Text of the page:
Deep Red

Deep Red (1975)
Blue Underground
Cast: David Hemmings, Daria Nicolodi, Gabriele Lavia, Gabriele Lavia
Extras: Featurette, Theatrical Trailers

Cherished by man as Dario Argento's ultimate masterpiece, "Deep Red", which is probably better known under its original Italian title "Profondo Rosso" is a giallo that could easily rank as the textbook version of the genre. Mutilated and cut in most territories of the world, "Deep Red" hardly found its way to the fans the way it was originally envisioned by director and writer Dario Argento. True to their mission to bring films to audiences in the cuts and versions that were originally intended by the filmmakers, Blue Underground has now prepared a Blu-Ray Disc version of "Deep Red" that features the American theatrical Cut of the movie, alongside a 126 minute version of the film that is completely uncut and uncensored!

A number of years ago, filmmaker Bill Lustig, who happens to be Blue Underground's owner and a friend of Dario Argento's, made it his mission to restore the film back to its original form with the help of Dario Argento, no matter what lengths he would have to go to. He can certainly be assured that he has the gratitude of legions of fans of the movie, as well as Argento's himself, who has very kind words to offer for Lustig's undertaking in the interview segment of the disc. The uncut version was first released on DVD by Anchor Bay in 2000 and is now making a come-back on the Blu-Ray Disc in high definition for the very first time.

The story of "Deep Red" may not be very innovative as it features a rather formulaic giallo outline and suspects, but it manages to build an incredible tension as it slowly works its way towards the movie's climax. British jazz pianist Marcus Daly (David Hemmings) lives in Rome and one night witnesses a murder from the street. But he is unable to recognize the killer. All he can see is someone in a dark coat fleeing the scene.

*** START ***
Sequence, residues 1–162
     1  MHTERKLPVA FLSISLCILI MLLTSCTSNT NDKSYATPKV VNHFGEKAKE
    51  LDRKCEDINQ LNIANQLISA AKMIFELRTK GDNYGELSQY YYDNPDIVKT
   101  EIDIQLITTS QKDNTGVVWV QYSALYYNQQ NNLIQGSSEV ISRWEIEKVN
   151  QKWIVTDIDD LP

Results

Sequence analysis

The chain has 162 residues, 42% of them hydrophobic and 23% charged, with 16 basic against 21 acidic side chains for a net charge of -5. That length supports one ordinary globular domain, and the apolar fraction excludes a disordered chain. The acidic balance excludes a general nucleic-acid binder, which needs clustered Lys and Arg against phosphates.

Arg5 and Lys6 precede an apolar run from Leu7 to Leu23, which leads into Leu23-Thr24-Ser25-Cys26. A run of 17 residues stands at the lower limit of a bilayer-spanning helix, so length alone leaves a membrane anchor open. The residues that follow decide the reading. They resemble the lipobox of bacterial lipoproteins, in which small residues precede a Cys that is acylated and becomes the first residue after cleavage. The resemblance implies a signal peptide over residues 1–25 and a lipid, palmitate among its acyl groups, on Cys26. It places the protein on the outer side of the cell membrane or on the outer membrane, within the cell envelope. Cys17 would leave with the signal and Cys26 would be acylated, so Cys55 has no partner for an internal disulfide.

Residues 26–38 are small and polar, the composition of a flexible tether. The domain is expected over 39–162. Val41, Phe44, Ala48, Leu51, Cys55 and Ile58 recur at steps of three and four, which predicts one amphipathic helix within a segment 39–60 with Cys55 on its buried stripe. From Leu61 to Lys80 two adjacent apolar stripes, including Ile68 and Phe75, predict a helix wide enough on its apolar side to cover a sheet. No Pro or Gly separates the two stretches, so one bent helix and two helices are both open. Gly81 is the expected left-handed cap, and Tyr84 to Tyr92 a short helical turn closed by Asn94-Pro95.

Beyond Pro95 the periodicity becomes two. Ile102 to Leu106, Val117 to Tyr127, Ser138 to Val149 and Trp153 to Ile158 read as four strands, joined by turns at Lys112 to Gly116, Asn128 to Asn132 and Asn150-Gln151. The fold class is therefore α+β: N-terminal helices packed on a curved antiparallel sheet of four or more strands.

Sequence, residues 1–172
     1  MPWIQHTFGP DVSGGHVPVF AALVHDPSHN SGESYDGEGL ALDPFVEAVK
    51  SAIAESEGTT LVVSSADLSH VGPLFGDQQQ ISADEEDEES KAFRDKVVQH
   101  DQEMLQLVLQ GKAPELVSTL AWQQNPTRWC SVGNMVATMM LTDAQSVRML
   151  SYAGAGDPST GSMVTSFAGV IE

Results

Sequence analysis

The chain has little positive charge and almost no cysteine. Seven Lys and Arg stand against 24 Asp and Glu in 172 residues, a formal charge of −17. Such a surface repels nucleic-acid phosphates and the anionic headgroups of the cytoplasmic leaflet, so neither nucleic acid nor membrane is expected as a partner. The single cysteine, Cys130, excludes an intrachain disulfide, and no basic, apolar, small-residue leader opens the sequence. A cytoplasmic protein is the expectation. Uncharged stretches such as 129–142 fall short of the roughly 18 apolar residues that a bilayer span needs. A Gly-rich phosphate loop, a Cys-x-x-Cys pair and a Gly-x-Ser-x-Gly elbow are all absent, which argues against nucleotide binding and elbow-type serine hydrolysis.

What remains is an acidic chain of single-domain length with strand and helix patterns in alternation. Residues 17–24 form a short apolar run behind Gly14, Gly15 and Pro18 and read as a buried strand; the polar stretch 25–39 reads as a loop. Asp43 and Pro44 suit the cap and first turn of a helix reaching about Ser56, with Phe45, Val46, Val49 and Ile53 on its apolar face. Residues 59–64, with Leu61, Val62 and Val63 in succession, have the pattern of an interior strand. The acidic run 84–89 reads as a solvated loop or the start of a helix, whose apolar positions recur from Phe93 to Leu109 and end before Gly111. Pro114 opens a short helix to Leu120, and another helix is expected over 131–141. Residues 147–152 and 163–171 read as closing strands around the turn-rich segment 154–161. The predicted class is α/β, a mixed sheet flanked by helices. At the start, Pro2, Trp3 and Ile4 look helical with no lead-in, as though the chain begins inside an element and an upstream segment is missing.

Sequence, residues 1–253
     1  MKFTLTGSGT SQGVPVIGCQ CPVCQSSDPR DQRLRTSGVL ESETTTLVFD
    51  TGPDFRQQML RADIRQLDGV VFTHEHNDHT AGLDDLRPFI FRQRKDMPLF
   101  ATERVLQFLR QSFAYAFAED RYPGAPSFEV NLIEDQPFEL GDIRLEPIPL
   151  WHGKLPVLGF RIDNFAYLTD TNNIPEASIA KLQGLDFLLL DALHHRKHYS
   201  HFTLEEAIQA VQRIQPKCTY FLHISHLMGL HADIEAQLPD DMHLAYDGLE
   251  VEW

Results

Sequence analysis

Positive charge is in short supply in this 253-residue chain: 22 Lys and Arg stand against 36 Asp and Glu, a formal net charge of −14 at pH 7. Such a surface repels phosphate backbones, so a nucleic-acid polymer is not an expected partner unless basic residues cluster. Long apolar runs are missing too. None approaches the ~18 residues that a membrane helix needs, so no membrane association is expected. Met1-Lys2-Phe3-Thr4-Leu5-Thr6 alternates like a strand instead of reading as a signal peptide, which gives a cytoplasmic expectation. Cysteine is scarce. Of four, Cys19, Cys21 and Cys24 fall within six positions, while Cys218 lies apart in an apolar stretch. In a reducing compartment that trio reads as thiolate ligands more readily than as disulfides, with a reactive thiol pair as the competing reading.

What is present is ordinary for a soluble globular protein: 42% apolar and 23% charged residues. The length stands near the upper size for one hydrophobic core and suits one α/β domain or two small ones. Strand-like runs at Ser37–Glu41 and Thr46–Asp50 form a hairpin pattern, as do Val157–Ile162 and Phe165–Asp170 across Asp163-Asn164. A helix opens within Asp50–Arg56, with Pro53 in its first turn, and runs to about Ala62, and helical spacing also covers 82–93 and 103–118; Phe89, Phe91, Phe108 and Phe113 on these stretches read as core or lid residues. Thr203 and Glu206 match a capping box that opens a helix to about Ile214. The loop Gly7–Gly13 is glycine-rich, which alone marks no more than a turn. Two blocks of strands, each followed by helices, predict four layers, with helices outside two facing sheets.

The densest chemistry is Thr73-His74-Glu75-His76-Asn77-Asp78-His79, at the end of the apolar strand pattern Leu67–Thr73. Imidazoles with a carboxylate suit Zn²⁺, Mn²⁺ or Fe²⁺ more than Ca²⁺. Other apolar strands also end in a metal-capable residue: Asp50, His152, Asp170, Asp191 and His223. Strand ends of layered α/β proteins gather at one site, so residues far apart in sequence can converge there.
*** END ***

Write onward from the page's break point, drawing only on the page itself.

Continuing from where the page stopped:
Soon, Gianna Brezzi (Daria Nocolodi), a tenacious local reporter, joins him to find out who is behind the grizzly murder. As soon as they begin looking into the background of the events, following a trail of seemingly senseless clues, more bodies turn up and it becomes ultimately clear that Marcus' life is also in terrible danger.

The two have to make sure they unmask the killer before he comes too close, but what do you do when all your informants turn up dead?

After watching this uncut version of "Deep Red" I was in incredible awe at how much material had been painstakingly re-inserted into the film — sometimes only split-second bits that extend a sentence. Compared to the original US cut of the film, all in all some 30 minutes of additional footage has been reinserted into the movie.

From these back-insertions it is evident that much of the character development of the movie had fallen victim to the scissors — mostly to bring down the running time it appears — as did some of the more gruesome scenes and a few side plots. While all these elements made it back into the film now, it is also evident however, that this longer cut has a much slower development than the film's previous versions, giving the characters much more dimensional personalities, which eventually increases the drama surrounding them.

Nonetheless, if you are familiar only with the 98 minute US cut of the movie, be prepared to revise your understanding of the film entirely as relationships and character traits are explored in much more detail, giving the film a very different feel. The new cut also manages to fill some of the logical holes found in previous cuts, although the story still takes some liberties when it comes to the explanation and rationale behind certain events in the film.